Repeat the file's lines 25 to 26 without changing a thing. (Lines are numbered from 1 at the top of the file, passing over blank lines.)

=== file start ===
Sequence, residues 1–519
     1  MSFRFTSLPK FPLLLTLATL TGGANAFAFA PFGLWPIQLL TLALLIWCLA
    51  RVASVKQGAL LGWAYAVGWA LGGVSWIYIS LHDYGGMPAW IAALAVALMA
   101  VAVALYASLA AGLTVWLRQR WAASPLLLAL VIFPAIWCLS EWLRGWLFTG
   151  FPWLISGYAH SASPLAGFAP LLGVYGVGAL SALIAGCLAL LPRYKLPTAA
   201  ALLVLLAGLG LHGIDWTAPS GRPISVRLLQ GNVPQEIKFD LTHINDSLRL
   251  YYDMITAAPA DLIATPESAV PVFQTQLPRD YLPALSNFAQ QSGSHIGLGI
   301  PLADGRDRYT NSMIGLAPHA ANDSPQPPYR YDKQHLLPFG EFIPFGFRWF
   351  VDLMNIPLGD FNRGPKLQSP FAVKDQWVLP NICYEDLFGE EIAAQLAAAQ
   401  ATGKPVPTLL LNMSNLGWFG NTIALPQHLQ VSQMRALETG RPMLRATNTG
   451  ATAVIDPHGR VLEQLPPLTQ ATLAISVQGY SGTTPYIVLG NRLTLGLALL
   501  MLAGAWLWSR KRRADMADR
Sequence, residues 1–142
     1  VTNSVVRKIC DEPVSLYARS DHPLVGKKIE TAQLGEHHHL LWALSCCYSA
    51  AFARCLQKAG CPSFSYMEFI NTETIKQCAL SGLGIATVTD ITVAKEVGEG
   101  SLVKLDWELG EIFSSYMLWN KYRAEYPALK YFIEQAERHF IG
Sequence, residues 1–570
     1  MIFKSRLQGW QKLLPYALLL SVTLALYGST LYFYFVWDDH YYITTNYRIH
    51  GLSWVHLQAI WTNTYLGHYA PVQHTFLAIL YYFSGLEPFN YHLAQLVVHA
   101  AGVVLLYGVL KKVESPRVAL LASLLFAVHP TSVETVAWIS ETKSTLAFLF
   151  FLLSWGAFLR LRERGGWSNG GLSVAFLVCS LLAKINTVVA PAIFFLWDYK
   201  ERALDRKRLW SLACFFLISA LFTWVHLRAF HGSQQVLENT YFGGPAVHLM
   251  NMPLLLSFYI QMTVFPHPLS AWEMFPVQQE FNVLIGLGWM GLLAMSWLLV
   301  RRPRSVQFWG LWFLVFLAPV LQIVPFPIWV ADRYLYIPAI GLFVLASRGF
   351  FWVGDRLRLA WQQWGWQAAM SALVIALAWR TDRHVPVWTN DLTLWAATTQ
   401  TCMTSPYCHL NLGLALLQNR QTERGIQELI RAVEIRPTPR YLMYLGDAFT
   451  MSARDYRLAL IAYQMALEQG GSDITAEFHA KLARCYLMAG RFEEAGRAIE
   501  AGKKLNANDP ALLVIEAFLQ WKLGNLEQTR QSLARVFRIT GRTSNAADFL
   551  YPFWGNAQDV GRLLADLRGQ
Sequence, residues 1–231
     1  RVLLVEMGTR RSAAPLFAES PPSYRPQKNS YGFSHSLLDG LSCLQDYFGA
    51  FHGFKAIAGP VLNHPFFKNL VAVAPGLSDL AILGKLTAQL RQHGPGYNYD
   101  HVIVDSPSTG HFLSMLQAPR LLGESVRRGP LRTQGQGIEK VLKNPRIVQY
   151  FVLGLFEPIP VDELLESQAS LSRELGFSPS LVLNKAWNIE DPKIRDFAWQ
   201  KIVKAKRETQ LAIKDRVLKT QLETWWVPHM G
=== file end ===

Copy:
   351  FWVGDRLRLA WQQWGWQAAM SALVIALAWR TDRHVPVWTN DLTLWAATTQ
   401  TCMTSPYCHL NLGLALLQNR QTERGIQELI RAVEIRPTPR YLMYLGDAFT